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Michigan

Provides selected Michigan resources from agencies and organizations with an interest in the prevention, control, or eradication of invasive species.

Spotlights

  • MDARD Proposes Exterior Firewood Quarantine to Protect Michigan Trees and Forests from Invasive Species

    • Oct 14, 2021
    • Michigan Department of Agriculture and Rural Development.

    • The Michigan Department of Agriculture and Rural Development (MDARD) is proposing an Exterior Firewood Quarantine (PDF | 192 KB) to prevent the introduction of unwanted plant pests and diseases into Michigan. Public comments on the proposal are due by Friday, November 19, 2021. Over 140 pests and diseases can be moved by firewood, including Asian long-horned beetle, mountain pine beetle and spotted lanternfly. These pests are not known to exist in Michigan but could be accidentally brought into the state by travelers transporting firewood.

      Members of the public interested in providing feedback on this proposed quarantine can submit their comments to Mike Bryan, MDARD Export and Compliance Specialist by emailing BryanM@Michigan.gov. The deadline for comments is Friday, November 19, 2021. Additional information is available at Michigan.gov/Invasives and on MDARD's plant pest quarantine webpage.

  • Beech Leaf Disease Added to Michigan's Invasive Species Watch List

    • Jan 20, 2021
    • Michigan Department of Natural Resources.

    • The Michigan departments of Natural Resources and Agriculture and Rural Development today announced the addition of beech leaf disease to the state's invasive species watch list. Invasive species on the watch list have been identified as posing an immediate or potential threat to Michigan's economy, environment or human health. These species either have never been confirmed in the wild in Michigan or have a limited known distribution. Beech leaf disease is associated with the microscopic worm Litylenchus crenatae, a nematode that enters and spends the winter in leaf buds, causing damage to leaf tissue on American beech and European and Asian beech species. Infestations result in darkened, thick tissue bands between leaf veins, creating a striped effect on the leaves, leaf distortion and bud mortality. Trees weakened by leaf damage become susceptible to other diseases and can die within six years. Beech leaf disease has not been found in Michigan. The disease was first discovered in Ohio in 2012. Since then, it has been identified in seven eastern states and Ontario.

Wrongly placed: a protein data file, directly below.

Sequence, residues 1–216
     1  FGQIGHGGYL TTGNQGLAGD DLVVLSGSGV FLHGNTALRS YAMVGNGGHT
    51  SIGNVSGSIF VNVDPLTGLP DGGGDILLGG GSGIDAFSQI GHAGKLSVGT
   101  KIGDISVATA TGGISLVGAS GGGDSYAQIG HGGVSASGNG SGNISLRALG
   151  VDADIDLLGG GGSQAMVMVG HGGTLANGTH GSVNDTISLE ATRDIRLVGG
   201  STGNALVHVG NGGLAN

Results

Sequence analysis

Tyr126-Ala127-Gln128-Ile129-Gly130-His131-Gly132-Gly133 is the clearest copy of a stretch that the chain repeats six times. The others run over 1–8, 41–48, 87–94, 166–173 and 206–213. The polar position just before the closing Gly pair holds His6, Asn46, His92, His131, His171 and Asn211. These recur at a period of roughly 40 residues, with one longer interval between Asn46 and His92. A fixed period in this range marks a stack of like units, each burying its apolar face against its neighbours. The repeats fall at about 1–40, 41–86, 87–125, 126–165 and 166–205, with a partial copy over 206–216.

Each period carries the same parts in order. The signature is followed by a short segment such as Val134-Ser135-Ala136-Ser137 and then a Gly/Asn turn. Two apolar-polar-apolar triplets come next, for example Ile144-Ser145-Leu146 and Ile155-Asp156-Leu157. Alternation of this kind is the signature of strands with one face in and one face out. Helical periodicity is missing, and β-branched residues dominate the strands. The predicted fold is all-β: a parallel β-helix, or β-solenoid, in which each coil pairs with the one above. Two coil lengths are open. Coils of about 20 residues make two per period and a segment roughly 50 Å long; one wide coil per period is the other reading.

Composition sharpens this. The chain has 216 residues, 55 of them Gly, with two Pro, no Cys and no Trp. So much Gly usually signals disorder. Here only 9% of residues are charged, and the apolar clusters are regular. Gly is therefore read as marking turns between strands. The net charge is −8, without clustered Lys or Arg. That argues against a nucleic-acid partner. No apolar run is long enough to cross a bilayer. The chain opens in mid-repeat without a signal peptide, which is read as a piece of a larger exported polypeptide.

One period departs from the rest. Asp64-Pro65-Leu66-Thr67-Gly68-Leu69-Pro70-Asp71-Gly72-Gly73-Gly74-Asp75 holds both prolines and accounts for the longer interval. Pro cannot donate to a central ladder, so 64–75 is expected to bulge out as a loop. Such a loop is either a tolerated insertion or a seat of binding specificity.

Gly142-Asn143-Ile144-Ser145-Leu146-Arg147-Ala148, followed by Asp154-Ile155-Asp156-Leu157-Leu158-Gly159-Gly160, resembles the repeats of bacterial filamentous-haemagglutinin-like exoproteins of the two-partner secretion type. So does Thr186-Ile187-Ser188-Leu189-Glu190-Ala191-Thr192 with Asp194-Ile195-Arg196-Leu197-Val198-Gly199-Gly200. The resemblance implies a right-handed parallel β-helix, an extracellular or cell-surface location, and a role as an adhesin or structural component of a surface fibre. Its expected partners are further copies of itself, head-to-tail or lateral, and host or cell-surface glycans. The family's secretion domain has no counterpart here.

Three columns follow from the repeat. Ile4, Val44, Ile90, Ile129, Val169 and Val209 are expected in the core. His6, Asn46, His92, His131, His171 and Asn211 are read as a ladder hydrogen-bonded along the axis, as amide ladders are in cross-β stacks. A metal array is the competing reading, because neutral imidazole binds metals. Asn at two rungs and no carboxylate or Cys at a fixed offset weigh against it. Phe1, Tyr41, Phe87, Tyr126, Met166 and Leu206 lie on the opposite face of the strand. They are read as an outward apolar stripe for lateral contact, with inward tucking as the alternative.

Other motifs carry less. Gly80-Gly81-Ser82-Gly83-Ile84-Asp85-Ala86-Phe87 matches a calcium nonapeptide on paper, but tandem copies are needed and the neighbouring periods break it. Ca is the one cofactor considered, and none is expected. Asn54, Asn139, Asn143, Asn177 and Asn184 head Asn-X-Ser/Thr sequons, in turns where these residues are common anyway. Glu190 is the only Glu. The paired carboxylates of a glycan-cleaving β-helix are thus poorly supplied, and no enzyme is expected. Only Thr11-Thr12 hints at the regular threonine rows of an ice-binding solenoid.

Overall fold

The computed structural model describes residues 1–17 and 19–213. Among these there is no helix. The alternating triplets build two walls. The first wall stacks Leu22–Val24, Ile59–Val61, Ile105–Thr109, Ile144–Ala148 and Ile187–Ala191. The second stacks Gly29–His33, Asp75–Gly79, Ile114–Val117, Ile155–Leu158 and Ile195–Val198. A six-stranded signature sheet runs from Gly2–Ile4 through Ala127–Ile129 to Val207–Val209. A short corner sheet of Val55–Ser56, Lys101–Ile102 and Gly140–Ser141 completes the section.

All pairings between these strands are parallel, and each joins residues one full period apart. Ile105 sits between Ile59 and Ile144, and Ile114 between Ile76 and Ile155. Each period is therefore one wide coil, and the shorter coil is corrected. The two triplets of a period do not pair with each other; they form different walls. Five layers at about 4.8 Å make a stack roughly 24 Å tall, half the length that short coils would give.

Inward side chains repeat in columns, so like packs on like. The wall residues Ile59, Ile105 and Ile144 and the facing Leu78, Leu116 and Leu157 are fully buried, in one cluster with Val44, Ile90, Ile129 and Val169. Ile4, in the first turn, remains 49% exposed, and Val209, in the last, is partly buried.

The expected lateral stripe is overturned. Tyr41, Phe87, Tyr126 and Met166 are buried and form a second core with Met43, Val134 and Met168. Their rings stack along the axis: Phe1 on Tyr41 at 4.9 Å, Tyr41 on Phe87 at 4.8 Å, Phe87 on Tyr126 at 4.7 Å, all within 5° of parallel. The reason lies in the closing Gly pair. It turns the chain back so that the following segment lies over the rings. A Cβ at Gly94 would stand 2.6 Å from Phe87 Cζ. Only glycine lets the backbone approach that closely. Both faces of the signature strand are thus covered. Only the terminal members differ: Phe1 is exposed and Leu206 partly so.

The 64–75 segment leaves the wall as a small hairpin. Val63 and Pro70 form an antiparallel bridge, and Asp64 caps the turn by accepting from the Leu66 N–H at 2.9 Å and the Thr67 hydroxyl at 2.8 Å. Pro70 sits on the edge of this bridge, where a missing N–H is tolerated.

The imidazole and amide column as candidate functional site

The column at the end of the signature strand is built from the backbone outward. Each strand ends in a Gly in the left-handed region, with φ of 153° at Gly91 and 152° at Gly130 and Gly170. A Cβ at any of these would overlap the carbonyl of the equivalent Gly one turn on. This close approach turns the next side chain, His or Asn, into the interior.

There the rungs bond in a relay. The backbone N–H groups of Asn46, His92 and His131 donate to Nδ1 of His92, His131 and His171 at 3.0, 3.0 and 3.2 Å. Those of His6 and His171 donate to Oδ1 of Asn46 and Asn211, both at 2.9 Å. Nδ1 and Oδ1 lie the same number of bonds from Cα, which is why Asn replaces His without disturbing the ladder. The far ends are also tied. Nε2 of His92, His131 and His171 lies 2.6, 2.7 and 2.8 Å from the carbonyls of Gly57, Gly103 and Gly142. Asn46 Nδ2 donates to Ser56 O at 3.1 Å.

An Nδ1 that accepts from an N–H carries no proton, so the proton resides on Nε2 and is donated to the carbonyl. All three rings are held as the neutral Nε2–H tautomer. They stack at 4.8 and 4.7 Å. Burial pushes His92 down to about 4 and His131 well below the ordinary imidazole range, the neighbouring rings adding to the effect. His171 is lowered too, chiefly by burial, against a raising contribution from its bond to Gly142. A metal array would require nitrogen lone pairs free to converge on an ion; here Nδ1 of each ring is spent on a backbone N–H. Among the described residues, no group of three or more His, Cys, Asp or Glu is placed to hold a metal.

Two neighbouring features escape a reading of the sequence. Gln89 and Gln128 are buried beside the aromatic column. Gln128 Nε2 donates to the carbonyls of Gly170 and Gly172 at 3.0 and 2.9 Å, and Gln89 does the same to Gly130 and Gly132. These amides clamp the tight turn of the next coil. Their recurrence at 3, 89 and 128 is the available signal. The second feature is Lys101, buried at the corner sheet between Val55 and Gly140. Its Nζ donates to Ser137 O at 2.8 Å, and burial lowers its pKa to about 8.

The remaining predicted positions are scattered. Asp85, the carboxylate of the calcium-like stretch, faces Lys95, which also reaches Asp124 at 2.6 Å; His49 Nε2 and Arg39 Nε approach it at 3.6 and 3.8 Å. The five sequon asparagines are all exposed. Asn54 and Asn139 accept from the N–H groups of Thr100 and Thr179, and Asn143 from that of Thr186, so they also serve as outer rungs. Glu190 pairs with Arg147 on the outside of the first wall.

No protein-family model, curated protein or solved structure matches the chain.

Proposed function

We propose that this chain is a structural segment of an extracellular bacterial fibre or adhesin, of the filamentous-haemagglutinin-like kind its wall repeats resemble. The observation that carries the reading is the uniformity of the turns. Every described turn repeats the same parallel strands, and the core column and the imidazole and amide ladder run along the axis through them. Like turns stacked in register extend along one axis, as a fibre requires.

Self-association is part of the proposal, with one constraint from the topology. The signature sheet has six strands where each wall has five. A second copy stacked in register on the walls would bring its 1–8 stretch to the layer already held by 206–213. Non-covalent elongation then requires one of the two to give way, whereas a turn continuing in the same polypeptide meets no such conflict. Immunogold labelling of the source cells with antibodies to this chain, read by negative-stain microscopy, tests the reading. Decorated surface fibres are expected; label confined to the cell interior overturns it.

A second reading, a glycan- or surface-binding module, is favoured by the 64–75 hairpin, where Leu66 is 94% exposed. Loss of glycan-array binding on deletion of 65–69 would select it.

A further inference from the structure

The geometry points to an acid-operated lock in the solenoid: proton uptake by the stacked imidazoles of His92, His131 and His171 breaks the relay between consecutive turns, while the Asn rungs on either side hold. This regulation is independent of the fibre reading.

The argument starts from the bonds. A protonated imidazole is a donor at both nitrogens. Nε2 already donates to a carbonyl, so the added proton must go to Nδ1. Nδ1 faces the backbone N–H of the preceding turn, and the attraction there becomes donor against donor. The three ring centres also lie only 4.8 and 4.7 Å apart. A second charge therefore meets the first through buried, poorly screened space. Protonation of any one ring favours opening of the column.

• Dreaded Didymo - or 'Rock Snot' - Found in Upper Manistee River, Michigan

    • Dec 6, 2021
    • Michigan Department of Natural Resources.

    • The Michigan departments of Environment, Great Lakes, and Energy and Natural Resources confirmed a report of didymo, a nuisance freshwater alga, in a stretch of the Upper Manistee River in Kalkaska County. Also known as rock snot despite its coarse, woolly texture, didymo can grow into thick mats that cover the river bottom. The Manistee River finding marks the first detection of didymo blooms in the Lower Peninsula. In 2015, extensive mats of didymo were found on the Michigan side of the St. Marys River near Sault Ste. Marie in the Upper Peninsula.

      If you observe didymo in the water, either as small, cotton ball-sized patches or thick blankets with rope-like strings that flow in currents, take photos, note the location and report it by using the Midwest Invasive Species Information Network, available online at MISIN.MSU.edu or as a downloadable smartphone app. The MISIN smartphone app will take a GPS location point if a report is made at the site; it also will allow you to upload photos with a report. Find more information on didymo and how to identify it at Michigan.gov/Invasives.